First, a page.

May 22, 2023

Finger to Thumb: What To Know About the Pincer Grasp

This fine motor skill marks an important milestone in your baby’s development

Baby pinches cereal pieces to eat while sitting in stroller.

Like a gateway to a new world, the development of pincer grasp lets your baby experience life in a whole new way. No longer are they limited to crudely pushing, pulling and palming the objects around them. Now, they can precisely pick up small items and place them right where they want them.


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How does this marvelous skill develop, and how can you nurture it? Pediatrician Lisa Diard, MD, fills us in.

What is pincer grasp?

Simply put, pincer grasp is the ability to use your thumb and index finger to pick up small objects. Grownups do it all the time when we reach for a pen, slip a button through its buttonhole or plug our phones into a charger.

As any caregiver will tell you, babies aren’t born with this ability. Instead, they acquire it over their first year of life. While pincer grasp development may not seem as thrilling — or as obvious — as baby’s first steps or first words, it’s still a cause for celebration. It’s an essential skill for future achievements like self-feeding, self-dressing and even learning how to grasp a pencil.

How does pincer grasp develop?

It takes nearly a year for babies to reach the point where they can pick up and manipulate small objects with precision and grace.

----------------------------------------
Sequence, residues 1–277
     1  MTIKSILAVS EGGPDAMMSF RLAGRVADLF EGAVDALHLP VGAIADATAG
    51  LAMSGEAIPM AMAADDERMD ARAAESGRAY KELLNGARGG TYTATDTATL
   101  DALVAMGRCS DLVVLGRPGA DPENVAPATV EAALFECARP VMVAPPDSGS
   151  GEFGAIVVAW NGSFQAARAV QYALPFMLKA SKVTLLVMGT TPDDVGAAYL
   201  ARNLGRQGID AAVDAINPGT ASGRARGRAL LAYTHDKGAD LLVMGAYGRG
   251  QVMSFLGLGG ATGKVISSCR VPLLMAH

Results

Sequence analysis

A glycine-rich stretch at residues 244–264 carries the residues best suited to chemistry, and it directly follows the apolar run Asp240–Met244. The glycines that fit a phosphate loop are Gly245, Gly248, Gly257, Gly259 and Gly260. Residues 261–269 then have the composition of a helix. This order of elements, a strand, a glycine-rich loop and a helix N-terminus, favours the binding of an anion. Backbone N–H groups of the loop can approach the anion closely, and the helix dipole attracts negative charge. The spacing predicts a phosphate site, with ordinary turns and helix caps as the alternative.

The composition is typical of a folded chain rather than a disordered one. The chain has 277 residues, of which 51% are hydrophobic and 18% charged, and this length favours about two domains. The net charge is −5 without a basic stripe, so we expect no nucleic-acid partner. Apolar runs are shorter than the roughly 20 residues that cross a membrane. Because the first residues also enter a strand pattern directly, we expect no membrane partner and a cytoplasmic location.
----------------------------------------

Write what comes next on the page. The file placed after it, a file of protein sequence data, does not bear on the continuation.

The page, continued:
Babies’ fine motor skills pass through several developmental stages before they reach this major milestone:

  • Reflexive grasp: For their first six months or so, babies will automatically (reflexively) grasp anything that you put in their hands.
  • Crude palmar grasp: At around 4 months of age, your baby will start to use their palm to hold things that you place in their hand.
  • Ulnar palmar grasp: Soon after developing crude palmar grasp, babies begin to pick up objects by curling the pinkie-finger side of their hands around them. At this stage, they still aren’t using their thumbs to help.
  • Raking grasp: “This starts at around 6 months of age,” says Dr. Diard. “You will see your baby using their fingers to rake a small object into the palm of their hand.” Babies will use all their fingers in this raking motion, but their thumb still isn’t included.
  • Radial palmar grasp: Finally, babies figure out what to do with that thumb! As their fingers curl around a small object, they now recruit their thumb to stabilize it on the side.
  • Scissors grasp: As your baby’s thumb dexterity improves, they’ll be able to grasp small objects between their thumb and the side of their curled index finger. This happens around 8 months of age.
  • Radial digital grasp: At around 9 months of age, your baby can hold an object between their fingers and their thumb; they no longer need to stabilize the object with their palm.
  • Inferior pincer grasp: It’s all in the name: Inferior pincer grasp is the final stage before baby develops a refined, “superior” pincer grasp. At this stage, you’ll see them using the pads of their thumb and index fingers — but not their fingertips — to pick up small objects.
  • Superior pincer grasp:They’ve done it! At around 1 year of age, your baby will have a fully developed pincer grasp, meaning they can pick up small objects with the tips of their thumb and index finger.

At this point, babies enter a whole new world. Now, important skills like using a spoon, putting on socks — even holding a pencil when they eventually enter school — are literally within their grasp!

Age-appropriate toys and activities for pincer grasp development

When it comes to developing fine motor skills, practice makes perfect. That’s why it seems, from their earliest days, babies are hardwired to touch, tug or pull on anything that comes their way.

You can play an important role in helping your baby perfect their grasping skills.


Providing safe objects and activities that encourage your baby to touch, explore and manipulate is a good way to help them develop the strength, dexterity and coordination they’ll need to develop a functional pincer grasp.